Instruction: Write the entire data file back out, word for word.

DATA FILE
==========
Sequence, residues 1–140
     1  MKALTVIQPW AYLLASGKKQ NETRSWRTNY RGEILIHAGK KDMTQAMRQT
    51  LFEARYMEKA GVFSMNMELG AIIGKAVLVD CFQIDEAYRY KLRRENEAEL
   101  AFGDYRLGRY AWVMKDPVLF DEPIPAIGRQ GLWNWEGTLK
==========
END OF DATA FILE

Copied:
Sequence, residues 1–140
     1  MKALTVIQPW AYLLASGKKQ NETRSWRTNY RGEILIHAGK KDMTQAMRQT
    51  LFEARYMEKA GVFSMNMELG AIIGKAVLVD CFQIDEAYRY KLRRENEAEL
   101  AFGDYRLGRY AWVMKDPVLF DEPIPAIGRQ GLWNWEGTLK